5.0 out of 5 stars Miriam is forced to reassess what she "wanted" and how she learns to appreciate the abundance that life has given her instead., May 29, 2007
By 
Bookreporter (New York, New York) - See all my reviews
This review is from: The Land of Mango Sunsets: A Novel (Hardcover)
Miriam Swanson never planned to find herself in a Manhattan townhouse, renting out parts of it to make ends meet. But after her husband Charles betrayed her, that's exactly where she was. Kevin, her tenant and best friend, asks, "What's going through your head, Miriam? You've got that look again." And she responds, "Everything. I'm middle aged, Kevin. The game's half over and somehow I never got what I wanted."

THE LAND OF MANGO SUNSETS tells the story of how Miriam is forced to reassess what she "wanted" and how she learns to appreciate the abundance that life has given her instead. Throughout the book this life-changing theme is repeated: When one door closes, another one opens. Every cloud has a silver lining. When life hands you lemons, make lemonade.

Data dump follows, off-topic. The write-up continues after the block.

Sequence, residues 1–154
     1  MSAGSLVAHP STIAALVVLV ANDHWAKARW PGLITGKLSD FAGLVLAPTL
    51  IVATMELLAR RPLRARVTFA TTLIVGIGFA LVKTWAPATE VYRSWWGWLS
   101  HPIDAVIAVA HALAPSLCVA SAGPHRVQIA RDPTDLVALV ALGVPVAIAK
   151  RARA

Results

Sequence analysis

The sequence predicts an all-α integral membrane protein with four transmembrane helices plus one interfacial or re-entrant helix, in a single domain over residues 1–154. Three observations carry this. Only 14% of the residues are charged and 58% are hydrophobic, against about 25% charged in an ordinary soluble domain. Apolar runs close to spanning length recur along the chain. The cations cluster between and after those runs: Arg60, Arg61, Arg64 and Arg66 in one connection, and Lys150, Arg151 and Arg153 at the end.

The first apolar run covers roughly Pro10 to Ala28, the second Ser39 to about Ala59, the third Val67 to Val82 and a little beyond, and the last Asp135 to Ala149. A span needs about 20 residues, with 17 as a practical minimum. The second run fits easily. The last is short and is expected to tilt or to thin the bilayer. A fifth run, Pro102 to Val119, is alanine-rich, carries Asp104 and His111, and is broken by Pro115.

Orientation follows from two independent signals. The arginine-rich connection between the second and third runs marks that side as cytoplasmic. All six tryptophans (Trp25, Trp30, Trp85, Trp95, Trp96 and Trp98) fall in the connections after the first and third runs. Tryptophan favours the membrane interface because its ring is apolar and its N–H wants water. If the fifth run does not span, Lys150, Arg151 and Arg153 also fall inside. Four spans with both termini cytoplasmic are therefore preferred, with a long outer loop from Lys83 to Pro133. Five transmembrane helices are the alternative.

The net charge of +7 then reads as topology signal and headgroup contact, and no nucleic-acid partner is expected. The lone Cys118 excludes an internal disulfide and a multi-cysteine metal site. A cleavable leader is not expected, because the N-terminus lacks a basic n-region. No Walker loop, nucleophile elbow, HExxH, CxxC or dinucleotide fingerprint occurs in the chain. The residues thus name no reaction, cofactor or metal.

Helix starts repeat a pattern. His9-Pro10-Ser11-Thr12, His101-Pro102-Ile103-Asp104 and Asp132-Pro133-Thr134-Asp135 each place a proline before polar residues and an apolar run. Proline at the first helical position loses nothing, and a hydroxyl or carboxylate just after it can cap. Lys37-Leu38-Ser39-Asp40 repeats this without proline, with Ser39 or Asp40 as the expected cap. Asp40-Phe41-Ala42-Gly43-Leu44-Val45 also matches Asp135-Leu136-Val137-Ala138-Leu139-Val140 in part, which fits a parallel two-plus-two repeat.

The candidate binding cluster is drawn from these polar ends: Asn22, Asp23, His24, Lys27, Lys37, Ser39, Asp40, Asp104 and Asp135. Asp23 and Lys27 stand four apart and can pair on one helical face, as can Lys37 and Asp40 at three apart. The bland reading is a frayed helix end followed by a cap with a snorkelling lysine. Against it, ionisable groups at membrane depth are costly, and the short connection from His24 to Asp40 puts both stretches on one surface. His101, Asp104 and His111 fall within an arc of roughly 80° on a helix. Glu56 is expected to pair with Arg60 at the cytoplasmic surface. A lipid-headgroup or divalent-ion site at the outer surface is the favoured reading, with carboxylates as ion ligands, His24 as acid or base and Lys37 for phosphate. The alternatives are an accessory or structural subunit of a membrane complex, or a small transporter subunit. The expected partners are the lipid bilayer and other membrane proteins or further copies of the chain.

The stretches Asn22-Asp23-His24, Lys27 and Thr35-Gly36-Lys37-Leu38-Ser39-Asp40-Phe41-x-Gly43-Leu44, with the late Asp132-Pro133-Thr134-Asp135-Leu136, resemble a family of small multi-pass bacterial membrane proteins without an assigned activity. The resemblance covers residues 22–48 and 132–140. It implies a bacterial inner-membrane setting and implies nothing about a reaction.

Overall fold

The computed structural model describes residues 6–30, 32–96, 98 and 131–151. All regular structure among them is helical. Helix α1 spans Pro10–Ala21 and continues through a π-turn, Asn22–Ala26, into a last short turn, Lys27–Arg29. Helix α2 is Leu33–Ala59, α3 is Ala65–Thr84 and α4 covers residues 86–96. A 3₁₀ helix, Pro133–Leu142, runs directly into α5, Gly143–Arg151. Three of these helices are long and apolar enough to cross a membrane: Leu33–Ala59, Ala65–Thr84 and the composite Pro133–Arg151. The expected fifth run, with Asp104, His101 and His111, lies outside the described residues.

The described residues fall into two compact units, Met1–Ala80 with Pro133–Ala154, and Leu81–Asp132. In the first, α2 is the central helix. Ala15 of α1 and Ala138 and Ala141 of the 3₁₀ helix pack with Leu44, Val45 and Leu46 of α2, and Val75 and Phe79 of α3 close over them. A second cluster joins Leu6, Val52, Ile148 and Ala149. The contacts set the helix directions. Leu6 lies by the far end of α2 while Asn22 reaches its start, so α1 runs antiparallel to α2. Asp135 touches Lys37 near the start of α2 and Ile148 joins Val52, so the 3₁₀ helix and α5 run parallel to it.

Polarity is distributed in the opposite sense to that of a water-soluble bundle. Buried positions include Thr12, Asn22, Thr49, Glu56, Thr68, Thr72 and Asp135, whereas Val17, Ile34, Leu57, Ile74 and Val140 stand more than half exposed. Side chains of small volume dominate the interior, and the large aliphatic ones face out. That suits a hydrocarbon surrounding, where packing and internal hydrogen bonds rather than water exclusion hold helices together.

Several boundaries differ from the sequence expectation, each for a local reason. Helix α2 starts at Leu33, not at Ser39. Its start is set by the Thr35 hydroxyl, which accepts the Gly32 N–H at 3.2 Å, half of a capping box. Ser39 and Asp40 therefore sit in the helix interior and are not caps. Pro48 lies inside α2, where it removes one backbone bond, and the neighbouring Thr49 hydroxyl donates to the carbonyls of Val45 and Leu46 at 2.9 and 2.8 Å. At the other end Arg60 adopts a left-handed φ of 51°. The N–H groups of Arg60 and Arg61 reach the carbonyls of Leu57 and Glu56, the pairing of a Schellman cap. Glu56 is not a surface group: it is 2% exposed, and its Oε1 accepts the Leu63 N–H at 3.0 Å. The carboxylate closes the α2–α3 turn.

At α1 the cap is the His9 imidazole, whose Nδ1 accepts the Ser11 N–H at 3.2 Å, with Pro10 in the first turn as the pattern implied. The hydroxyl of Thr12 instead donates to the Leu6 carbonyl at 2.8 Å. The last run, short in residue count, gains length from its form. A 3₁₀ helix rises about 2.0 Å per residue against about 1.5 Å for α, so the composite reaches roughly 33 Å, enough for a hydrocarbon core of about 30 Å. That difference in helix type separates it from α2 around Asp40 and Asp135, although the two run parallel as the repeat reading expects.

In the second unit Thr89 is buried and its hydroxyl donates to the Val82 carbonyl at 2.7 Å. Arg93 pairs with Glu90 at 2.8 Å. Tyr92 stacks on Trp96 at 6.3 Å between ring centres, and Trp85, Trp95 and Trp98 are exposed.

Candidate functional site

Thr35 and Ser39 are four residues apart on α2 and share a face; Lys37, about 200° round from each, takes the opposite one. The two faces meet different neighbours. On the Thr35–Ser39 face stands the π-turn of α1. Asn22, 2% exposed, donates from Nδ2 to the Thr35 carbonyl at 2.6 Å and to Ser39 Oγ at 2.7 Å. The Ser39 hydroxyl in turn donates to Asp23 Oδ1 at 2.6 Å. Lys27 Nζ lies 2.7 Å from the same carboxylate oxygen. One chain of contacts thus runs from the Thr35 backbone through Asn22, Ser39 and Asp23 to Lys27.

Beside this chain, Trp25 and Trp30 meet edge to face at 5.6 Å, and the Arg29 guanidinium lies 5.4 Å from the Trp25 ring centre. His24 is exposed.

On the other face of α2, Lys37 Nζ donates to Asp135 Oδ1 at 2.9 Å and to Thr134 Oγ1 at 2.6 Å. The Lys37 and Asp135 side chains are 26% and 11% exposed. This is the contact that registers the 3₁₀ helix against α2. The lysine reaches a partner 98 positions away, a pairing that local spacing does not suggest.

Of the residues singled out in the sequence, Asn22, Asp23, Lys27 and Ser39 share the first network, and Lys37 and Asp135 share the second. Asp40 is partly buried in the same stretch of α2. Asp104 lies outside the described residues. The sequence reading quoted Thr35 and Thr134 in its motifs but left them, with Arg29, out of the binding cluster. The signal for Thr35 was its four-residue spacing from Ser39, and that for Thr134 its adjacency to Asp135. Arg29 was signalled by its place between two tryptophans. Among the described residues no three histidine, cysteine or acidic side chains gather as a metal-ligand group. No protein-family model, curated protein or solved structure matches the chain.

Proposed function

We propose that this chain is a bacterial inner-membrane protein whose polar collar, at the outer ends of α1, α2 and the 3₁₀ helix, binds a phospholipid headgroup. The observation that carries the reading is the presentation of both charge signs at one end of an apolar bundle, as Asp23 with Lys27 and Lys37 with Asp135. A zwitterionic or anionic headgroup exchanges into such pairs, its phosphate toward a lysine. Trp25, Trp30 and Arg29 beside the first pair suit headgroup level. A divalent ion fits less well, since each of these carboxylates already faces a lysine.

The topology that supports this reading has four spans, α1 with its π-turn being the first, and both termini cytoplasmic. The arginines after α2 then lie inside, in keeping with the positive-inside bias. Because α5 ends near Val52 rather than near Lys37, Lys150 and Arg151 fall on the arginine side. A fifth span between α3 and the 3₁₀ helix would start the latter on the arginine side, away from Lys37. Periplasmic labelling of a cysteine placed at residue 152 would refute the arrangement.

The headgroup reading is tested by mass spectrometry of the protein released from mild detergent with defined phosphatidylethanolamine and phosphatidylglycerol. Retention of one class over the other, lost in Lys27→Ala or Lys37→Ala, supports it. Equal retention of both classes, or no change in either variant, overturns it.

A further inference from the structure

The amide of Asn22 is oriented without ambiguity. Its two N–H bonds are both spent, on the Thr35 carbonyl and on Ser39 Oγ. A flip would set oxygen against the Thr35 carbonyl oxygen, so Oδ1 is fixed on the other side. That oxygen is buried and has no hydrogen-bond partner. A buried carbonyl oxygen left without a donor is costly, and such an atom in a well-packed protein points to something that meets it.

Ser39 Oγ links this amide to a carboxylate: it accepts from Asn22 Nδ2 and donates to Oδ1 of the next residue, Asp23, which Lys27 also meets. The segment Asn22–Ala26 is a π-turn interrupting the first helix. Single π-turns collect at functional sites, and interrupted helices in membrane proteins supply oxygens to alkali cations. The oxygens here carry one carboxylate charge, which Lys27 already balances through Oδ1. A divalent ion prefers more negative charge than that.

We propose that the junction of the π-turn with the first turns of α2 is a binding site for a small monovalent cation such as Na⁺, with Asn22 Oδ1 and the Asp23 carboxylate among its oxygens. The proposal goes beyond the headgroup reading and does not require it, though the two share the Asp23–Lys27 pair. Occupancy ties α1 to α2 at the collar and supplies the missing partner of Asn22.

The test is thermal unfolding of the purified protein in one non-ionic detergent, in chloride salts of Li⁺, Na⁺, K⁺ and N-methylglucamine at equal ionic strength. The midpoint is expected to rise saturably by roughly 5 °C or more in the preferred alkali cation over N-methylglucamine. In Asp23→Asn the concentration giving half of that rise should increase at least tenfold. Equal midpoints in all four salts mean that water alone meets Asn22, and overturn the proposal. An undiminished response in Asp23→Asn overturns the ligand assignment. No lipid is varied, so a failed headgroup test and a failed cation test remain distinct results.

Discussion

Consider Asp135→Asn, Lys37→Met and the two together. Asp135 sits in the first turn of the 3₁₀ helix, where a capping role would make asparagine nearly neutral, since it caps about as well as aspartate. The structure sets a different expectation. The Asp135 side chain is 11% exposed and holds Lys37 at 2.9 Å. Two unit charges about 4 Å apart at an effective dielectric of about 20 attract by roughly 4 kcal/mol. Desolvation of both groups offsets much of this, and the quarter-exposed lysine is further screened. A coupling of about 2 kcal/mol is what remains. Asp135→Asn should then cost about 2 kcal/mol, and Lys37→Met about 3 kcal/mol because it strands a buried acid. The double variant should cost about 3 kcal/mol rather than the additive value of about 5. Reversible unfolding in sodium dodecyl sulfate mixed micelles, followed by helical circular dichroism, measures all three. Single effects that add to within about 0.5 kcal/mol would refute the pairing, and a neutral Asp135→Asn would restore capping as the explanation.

As a cynical New Yorker, this Pollyanna approach to life never occurred to Miriam. For example, despite her divorce, she continued trying to hold open the door of Manhattan society by extensive volunteering and hobnobbing with the matrons who dictate its rules. She saw no silver lining in having to rent her upstairs bedroom to a young woman whose company was a gentleman caller. And she certainly had no hope of making anything good out of the flawed relationships she had with her sons.

Yet, as she recognizes that change is necessary and with the help of her friends, she begins to let go of the beliefs that have not served her very well. The transformation that takes place will have readers cheering for this courageous woman and envying the goodies that life gives her once she becomes willing to admit that she has made mistakes and resolves to change.

Part of the change involves returning to visit her mother and rediscovering the charm of Sullivan's Island, which is the land of mango sunsets that she remembered from her childhood. Her relationship with her mother is one that every woman can relate to, either because she has one like it or wishes she did. Miss Josie appears to have taken up the green lifestyle, growing her own vegetables, raising chickens and getting her dairy products from Cecelia, her miniature goat. Her friend, Harrison Ford, is always around to help out and even begins Miriam's transformation by renaming her "Mellie." She thinks he's better looking than the movie star with the same name and starts wondering if there will be a Ford in her future!